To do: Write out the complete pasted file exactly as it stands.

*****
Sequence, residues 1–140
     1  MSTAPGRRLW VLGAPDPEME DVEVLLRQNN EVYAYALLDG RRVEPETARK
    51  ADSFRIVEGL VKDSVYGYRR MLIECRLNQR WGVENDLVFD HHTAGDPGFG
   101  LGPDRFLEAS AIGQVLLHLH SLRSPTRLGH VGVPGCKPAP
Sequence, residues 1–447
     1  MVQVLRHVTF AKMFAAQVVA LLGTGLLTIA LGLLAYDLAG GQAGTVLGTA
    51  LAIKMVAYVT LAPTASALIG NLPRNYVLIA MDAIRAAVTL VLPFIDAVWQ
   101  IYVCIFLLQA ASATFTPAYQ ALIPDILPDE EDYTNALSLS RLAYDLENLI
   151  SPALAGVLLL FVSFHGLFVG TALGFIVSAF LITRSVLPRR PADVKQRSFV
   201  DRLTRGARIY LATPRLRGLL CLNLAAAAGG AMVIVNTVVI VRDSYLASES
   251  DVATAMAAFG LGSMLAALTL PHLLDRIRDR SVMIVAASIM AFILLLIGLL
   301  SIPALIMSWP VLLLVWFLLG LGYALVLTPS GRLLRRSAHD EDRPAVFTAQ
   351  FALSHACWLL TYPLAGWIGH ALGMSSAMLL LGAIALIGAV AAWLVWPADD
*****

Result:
Sequence, residues 1–140
     1  MSTAPGRRLW VLGAPDPEME DVEVLLRQNN EVYAYALLDG RRVEPETARK
    51  ADSFRIVEGL VKDSVYGYRR MLIECRLNQR WGVENDLVFD HHTAGDPGFG
   101  LGPDRFLEAS AIGQVLLHLH SLRSPTRLGH VGVPGCKPAP
Sequence, residues 1–447
     1  MVQVLRHVTF AKMFAAQVVA LLGTGLLTIA LGLLAYDLAG GQAGTVLGTA
    51  LAIKMVAYVT LAPTASALIG NLPRNYVLIA MDAIRAAVTL VLPFIDAVWQ
   101  IYVCIFLLQA ASATFTPAYQ ALIPDILPDE EDYTNALSLS RLAYDLENLI
   151  SPALAGVLLL FVSFHGLFVG TALGFIVSAF LITRSVLPRR PADVKQRSFV
   201  DRLTRGARIY LATPRLRGLL CLNLAAAAGG AMVIVNTVVI VRDSYLASES
   251  DVATAMAAFG LGSMLAALTL PHLLDRIRDR SVMIVAASIM AFILLLIGLL
   301  SIPALIMSWP VLLLVWFLLG LGYALVLTPS GRLLRRSAHD EDRPAVFTAQ
   351  FALSHACWLL TYPLAGWIGH ALGMSSAMLL LGAIALIGAV AAWLVWPADD